“We did OK with just word of mouth,” says Ron Carmel. “We sold about 3,000 copies of the game as pre-orders and sales on our website have done really well for us and still bring in a good amount. But there have been three promotional events that were huge for us. One was Nintendo of America sending an email to everyone who has their Wii only saying ‘Hey, check out World of Goo!’ Another was the 75%-off sale we had on Steam. And most recently, the MacHeist bundle. Each of those generated massive, massive sales and without them we would probably have sold about half the number of copies that we did.”
Edmund McMillen, meanwhile, tends to put in a bit more promotional elbow grease himself, but in characteristically oddball ways. “I try my best at promoting my work in any way I can. Honestly I don’t know how important it is. I just do it because it’s fun. Like that Hitler Meat Boy ad [‘Hitler was a vegetarian. Don’t be like Hitler’] – of course I put it out because I knew people would pick up on it... and being indie what other options do I have for self promotion? I have no money... so how do I get an ad for my game out to the masses? I simply say if you don’t like the game you’re like Hitler and tada – people post our ad on their websites. Now at this point I have no idea if this will help sales – but I did it for the same reasons I make games, to entertain myself.”
Dylan Fitterer also relies on third-party promotion. “Audiosurf was spreading way beyond my expectations before it was on Steam, but then being featured there gave it a big multiplier. It’s a little fuzzy though because Steam brings extra value to games – not just exposure. For example, it’s usually not Steam that first exposes games to me, but I do prefer to buy them there. Also, it’s gotten hard to tell what to call third-party promotion. Online media coverage and online word of mouth are both blogs.” Which in turn feed major websites and – hey! – magazines, and then good folk like you get to hear about these incredible little games.
Vic Davis has a slightly different approach. “It’s not that hard to stand out at all if you decide to seek out your own niche. If you want to make an iPhone or casual match 3/hidden object game, then good luck with that. In my case, the space that I am competing in is like one of those old west ghost towns. Ten years ago there was a booming turn-based strategy game genre. Today, not so much. Turn-based strategy games don’t fit the blockbuster business model with the arguable exception of the Civ franchise. My games are pretty complex and geeky though, so my niche is even more restricted. But that’s my selling point and a way to stand out in the crowd. I’m going for the demographic that will read the manual eventually even if they are the type of player who first likes to sit down and just start clicking buttons.”
Above: Spelunky is randomly generated love
So, ‘indie’ is at an absurdly exciting and diverse time at the moment. But what brought about this new era of independent game-making?
“I think people have grown bored of being force-fed the same old shit from the same old people over the years,” says McMillen. “My wife is an indie artist in the plush art scene and its having a similar boom these days as well. We live in a world where everyone has access to everything, at this point when you want to see a movie you have about 15 ways of doing so with a few clicks of a mouse. In a world where anyone can tap into the flood of mainstream crap with a click of the mouse people are desperate for something new, something fresh and exciting. Do you want to spend 50 bucks on the next WWII shooter? Or do you want to play a game where you control a bloody chunk of meat? The indie scene has something to offer that the mainstream will never have, it has heart, and for the most part it’s honest, pure and untainted by money. Out of everything I think those are the qualities that bring people in.” Clearly, it also has developers capable of genuinely inspiring words.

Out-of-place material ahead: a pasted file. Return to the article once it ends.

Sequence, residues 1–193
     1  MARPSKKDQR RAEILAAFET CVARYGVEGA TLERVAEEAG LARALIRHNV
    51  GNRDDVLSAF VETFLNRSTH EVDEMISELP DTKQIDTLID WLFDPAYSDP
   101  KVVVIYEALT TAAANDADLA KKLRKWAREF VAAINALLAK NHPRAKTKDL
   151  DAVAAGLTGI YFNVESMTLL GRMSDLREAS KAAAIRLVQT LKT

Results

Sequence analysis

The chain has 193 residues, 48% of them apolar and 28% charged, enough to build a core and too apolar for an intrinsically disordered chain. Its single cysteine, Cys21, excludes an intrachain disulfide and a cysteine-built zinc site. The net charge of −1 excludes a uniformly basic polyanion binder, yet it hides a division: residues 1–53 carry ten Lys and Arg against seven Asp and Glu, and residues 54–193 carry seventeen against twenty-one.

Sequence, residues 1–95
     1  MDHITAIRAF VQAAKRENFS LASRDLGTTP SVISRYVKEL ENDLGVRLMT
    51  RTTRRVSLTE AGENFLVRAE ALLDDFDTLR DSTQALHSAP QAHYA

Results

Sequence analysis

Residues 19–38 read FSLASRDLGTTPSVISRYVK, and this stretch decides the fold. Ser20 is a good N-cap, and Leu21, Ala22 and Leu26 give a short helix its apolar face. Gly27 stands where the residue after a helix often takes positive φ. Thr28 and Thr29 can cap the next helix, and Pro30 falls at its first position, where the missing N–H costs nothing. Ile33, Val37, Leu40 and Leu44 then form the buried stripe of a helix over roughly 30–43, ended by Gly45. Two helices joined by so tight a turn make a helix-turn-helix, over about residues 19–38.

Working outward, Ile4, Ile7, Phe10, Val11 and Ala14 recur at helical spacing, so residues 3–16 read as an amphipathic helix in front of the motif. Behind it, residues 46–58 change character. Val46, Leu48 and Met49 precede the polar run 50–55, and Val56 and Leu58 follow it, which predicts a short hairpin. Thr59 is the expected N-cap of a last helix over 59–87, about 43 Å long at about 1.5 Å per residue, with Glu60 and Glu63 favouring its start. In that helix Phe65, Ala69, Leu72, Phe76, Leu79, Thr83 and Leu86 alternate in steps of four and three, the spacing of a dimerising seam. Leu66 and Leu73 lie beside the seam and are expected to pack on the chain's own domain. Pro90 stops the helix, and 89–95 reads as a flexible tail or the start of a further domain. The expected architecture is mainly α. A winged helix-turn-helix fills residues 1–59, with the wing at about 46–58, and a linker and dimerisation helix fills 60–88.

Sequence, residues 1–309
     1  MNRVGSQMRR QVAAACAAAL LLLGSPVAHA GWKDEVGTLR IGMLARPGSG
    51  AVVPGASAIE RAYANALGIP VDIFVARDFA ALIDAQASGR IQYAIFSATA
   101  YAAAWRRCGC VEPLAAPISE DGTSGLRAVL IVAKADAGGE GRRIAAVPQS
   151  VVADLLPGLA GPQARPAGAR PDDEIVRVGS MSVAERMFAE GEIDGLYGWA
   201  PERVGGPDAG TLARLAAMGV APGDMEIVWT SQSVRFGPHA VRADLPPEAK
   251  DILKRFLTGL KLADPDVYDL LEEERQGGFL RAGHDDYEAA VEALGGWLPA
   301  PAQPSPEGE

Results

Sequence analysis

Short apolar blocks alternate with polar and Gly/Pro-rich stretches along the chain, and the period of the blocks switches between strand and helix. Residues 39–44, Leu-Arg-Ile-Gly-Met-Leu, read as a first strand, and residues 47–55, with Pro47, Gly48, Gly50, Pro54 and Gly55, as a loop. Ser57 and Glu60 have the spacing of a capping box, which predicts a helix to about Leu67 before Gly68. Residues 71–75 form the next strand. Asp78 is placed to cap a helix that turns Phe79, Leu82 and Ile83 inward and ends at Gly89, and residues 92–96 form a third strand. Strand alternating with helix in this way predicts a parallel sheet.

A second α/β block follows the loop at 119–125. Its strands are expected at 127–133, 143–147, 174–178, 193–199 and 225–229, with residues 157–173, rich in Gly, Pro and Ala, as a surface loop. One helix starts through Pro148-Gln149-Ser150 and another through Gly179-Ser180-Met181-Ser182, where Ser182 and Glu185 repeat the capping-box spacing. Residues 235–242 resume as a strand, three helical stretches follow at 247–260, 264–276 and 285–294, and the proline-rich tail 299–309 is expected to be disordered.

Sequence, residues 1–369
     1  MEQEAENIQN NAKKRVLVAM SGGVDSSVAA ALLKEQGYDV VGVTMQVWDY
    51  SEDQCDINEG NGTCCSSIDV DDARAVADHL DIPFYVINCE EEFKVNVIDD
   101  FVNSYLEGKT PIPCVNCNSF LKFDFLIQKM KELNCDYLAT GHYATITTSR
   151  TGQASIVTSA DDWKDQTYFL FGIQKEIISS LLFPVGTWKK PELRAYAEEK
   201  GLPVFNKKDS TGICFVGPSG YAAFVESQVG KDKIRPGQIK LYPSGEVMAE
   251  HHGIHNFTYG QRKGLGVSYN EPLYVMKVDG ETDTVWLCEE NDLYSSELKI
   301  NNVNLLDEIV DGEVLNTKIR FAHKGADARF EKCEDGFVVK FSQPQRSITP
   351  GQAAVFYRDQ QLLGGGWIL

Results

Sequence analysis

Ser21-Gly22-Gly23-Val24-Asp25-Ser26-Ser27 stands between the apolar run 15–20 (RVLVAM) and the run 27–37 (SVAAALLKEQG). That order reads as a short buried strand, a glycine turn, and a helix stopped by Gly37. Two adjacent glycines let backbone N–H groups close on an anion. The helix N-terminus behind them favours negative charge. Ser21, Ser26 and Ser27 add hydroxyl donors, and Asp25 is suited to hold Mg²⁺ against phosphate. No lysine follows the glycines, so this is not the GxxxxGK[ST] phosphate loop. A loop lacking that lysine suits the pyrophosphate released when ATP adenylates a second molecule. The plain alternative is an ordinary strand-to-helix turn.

Of course, there are practical reasons for the boom too. “I think it’s a combination of chance and opportunity” says Ron Carmel. “The opportunity is digital distribution. The chance is that 2008 was a huge year for indies. It saw a whole bunch of indie hits like Audiosurf, Braid, Eden, World of Goo, and Castle Crashers. Most of these games have been years in the making, it’s just chance that they all came out in the same year. So I’m guessing that this boom is smaller than people think. I don’t expect 2009 to be as big a year for indies as 2008, but I do think that there’s a growth trend in the indie scene, more people are entering the game industry by simply making games instead of getting game jobs. You can see that by following the number of submissions to the IGF over the years.”
Above: The Path shows players how lumberjacks and seemingly hot chicks drink beer in the woods
Dylan Fitterer, meanwhile, points out another possible cause: “I see a lot of players asking how games run on netbooks rather than wondering which GPU features they have. Hardware advances and content quality have gotten less interesting. Content improvements don’t play to the strengths of gaming the way interactivity improvements do.”
Guys like Dylan, like 2D Boy, Edmund McMillen and Vic Davis are changing gaming as we know it – evolving it into something new and endlessly diverse, made from love and wonder rather than commerce. And yet, at the same time we’re going backwards – this is a bigger, bolder return to the way games development once was, when tiny teams free of publisher interference were releasing some new slice of crazy wonder every week.
Jul 13, 2009